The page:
ProfitCenter Software (PCS), a subsidiary of Systemax, formally launched its Profitability Software Suite of hosted CRM products last week, making it the latest entrant into the increasingly competitive on-demand CRM space.
Despite the recent “official” launch, PCS CEO Matthew Ehrlich told CRM Buyer that the suite has been available to the public for about six months and that PCS already has nearly 1,200 seats. “We are growing at about a 100 percent rate,” he said.
PCS is charging US$125 per user per month and offers contracts that run for between one and five years. In addition, the company, not a third party, implements the hosted service for a predetermined fixed rate, regardless of complications that may develop during deployment.
Pieces of Profitability
Five components make up the Profitability Software Suite: ProfitCenter Sales, a sales force automation offering; ProfitCenter Orders, an order-processing solution; ProfitCenter Products, a product lifecycle management and marketing tool; ProfitCenter ERP, a tool to integrate PCS’ CRM applications with its SCM (supply chain management) and ERP financial offerings, and ProfitCenter Business Intelligence, which offers executives a macro view of their overall business in real-time.
“We wanted to combine aspects of CRM, order processing and ERP in one suite. We’re trying to focus on integrating these various functionalities that directly affect a company’s profitability,” Ehrlich said. “We are taking a broader focus that focuses on the whole journey of the transaction.”
Like other hosted offerings, the Profitability Software Suite system is accessible via Web browser. It uses Oracle as its database, BEA WebLogic as its application server and Linux as its platform.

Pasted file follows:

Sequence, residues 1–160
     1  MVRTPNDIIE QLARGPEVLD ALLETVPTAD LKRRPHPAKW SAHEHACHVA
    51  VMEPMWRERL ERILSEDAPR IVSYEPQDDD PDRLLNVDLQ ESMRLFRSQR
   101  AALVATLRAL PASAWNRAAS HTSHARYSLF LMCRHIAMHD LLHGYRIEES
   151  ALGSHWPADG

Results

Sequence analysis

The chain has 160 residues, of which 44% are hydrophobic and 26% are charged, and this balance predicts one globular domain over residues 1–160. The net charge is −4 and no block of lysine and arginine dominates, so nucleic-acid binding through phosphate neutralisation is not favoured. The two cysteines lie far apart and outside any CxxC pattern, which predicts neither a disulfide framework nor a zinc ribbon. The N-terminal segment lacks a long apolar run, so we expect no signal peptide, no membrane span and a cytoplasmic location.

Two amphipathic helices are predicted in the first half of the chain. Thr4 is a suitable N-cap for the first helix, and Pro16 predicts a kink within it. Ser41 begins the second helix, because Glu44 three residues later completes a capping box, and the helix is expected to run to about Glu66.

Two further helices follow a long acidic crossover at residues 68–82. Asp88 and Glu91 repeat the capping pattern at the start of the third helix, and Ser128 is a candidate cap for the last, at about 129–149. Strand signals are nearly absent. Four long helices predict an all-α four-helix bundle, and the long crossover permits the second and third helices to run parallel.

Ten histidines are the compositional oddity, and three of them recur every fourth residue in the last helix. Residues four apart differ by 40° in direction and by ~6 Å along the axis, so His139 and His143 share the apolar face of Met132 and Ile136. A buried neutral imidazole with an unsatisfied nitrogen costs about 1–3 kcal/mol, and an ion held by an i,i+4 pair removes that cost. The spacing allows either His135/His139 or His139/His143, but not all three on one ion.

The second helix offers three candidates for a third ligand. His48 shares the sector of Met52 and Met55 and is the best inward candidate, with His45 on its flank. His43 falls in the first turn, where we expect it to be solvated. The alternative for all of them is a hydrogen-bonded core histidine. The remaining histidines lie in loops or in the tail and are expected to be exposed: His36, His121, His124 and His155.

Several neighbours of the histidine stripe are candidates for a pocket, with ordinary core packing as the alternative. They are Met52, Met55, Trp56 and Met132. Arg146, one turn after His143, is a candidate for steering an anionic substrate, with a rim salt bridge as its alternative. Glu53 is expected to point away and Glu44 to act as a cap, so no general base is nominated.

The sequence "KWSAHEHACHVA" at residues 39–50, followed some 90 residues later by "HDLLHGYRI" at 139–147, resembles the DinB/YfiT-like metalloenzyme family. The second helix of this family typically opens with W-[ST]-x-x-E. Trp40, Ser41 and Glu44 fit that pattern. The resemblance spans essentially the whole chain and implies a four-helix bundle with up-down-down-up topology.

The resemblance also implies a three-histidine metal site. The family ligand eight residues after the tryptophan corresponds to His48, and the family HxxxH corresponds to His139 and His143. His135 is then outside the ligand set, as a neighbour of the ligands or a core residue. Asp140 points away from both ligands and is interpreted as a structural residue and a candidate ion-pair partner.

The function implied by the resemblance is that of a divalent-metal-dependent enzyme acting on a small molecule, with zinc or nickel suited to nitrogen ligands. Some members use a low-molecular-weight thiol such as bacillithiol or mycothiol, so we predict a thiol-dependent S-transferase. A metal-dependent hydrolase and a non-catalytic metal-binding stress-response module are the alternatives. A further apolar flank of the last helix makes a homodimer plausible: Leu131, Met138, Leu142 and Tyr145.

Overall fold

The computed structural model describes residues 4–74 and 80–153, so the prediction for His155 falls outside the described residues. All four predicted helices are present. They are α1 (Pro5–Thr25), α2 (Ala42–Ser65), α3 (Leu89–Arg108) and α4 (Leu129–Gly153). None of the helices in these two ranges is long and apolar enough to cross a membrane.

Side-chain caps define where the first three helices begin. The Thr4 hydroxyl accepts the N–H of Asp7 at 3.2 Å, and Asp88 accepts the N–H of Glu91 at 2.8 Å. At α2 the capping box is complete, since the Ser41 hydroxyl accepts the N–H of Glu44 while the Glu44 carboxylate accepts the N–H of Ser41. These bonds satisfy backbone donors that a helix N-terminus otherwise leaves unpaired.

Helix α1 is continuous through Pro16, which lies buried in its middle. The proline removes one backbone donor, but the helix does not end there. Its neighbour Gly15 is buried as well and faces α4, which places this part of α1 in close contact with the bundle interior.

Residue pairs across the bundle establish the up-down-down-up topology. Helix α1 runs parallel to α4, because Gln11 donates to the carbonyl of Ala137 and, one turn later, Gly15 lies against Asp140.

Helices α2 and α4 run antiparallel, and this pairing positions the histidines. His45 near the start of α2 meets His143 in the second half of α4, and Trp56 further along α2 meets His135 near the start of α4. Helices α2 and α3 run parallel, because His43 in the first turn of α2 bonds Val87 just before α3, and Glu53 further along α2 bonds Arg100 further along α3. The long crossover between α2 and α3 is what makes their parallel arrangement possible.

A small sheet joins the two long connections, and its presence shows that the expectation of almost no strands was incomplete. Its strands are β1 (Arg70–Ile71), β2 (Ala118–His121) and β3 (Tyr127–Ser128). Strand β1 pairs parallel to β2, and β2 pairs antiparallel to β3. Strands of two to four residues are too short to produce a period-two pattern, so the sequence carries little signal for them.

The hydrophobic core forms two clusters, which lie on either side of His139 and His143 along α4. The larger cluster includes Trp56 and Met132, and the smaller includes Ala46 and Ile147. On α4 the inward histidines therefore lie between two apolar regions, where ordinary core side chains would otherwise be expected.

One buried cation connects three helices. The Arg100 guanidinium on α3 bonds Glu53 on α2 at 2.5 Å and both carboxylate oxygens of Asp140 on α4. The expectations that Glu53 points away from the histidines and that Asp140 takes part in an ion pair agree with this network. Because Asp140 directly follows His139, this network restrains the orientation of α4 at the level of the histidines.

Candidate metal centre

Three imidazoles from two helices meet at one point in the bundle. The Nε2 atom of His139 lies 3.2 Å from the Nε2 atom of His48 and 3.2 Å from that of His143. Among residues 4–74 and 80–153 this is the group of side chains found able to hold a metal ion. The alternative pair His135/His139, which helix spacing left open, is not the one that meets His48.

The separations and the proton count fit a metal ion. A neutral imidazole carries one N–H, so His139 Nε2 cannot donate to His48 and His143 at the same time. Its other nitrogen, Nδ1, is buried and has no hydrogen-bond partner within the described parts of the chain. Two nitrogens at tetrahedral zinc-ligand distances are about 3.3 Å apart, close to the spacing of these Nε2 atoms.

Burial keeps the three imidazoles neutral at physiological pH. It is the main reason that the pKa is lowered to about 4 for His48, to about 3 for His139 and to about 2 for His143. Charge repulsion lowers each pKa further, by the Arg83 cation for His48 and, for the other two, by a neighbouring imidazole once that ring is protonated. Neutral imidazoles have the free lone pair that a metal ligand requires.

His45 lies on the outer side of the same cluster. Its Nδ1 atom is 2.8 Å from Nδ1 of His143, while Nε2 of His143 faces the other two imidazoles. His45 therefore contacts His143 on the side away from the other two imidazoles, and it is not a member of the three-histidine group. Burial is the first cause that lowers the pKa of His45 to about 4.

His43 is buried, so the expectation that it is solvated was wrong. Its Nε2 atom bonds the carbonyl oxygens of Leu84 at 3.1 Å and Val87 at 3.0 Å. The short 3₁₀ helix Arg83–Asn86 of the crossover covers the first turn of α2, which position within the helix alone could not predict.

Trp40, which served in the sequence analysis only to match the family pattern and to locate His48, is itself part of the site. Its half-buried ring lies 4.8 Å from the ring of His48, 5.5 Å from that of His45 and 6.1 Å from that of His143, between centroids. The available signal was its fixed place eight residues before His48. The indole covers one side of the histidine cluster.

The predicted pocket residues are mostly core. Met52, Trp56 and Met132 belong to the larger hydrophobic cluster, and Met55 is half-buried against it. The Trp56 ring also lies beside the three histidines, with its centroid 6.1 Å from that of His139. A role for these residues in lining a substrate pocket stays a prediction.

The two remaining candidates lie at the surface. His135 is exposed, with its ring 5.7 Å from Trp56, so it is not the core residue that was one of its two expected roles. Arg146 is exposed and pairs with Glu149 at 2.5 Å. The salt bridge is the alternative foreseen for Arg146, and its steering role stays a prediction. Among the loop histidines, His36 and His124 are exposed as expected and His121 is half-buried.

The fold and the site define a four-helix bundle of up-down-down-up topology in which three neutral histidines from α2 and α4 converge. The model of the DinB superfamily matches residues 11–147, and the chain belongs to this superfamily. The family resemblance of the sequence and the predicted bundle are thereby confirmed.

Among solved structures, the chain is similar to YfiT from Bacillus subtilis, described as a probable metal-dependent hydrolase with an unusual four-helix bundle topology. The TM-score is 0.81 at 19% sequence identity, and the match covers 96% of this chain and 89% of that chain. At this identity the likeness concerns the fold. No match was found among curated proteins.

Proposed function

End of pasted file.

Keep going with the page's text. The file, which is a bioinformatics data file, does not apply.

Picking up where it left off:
Ehrlich said PCS chose technology from the leaders in various spaces so that its software would operate efficiently and effectively. He also said the company chose Linux and Java because it did not want to be tied to a .NET strategy, in which integration could have been more limited for potential customers.
Reason for Being
Systemax started its PCS division because it could not find an existing CRM vendor that could integrate its own online and offline businesses. Systemax sells PC hardware and related peripherals via e-commerce sites, direct mail catalogs and resellers.
“PCS is another application company focused on the needs of an underserved vertical industry segment,” Forrester Research vice president Erin Kinikin told CRM Buyer. “While most companies have customers and sell products, not everyone can fit their processes into the same tool.”
According to Kinikin, PCS seems to be focusing on brand-oriented online retailers that sell many products to many customers. “Unlike lower-volume B2B, these companies require strong integrated order management and configuration and strong product catalog functionality — facilities not available or well integrated in many CRM systems,” she said.
“Focusing on profitability is not unique to PCs, but focusing on efficiently taking and fulfilling orders for online retailers of configured products could be a differentiated niche market,” Kinikin added. “It’s not the profitability that’s unique, but how the profitability is delivered [to fit] the needs of specific vertical industry segments.”
For his part, CEO Ehrlich said PCS initially is targeting direct-mail businesses that, like Systemax, use catalogs and Web sites to sell their products and services. These types of companies typically have complicated product requirements that necessitate configuration.
“You want to be able to manage all of this — the catalogs, the Web sites, the bricks-and-mortar stores — using just one database that points to all of the presentation layers,” he said. “And you want to maintain this database within the system so that [the business processes] can be performed in a real-time Internet way.”
Part of New Trend
CRM industry analyst Denis Pombriant told CRM Buyer that vendors SAP and NetSuite (and, to a lesser extent, SFDC) have initiated a trend to integrate more data from ERP and SCM applications into CRM applications to provide a 360-degree customer view.
“That is a valid and valuable thing to do,” Pombriant said.
For her part, Kinikin said PCS’ hosted approach and integrated front- and back-office functionality put it head-to-head with NetSuite, though she noted that PCS has a long way to go to match NetSuite’s claim of 8,000 customers.
At the same time, underserved markets that are waiting for CRM and other applications to adapt to the way they do business could be well served by the latest PCS offering, Kinikin said.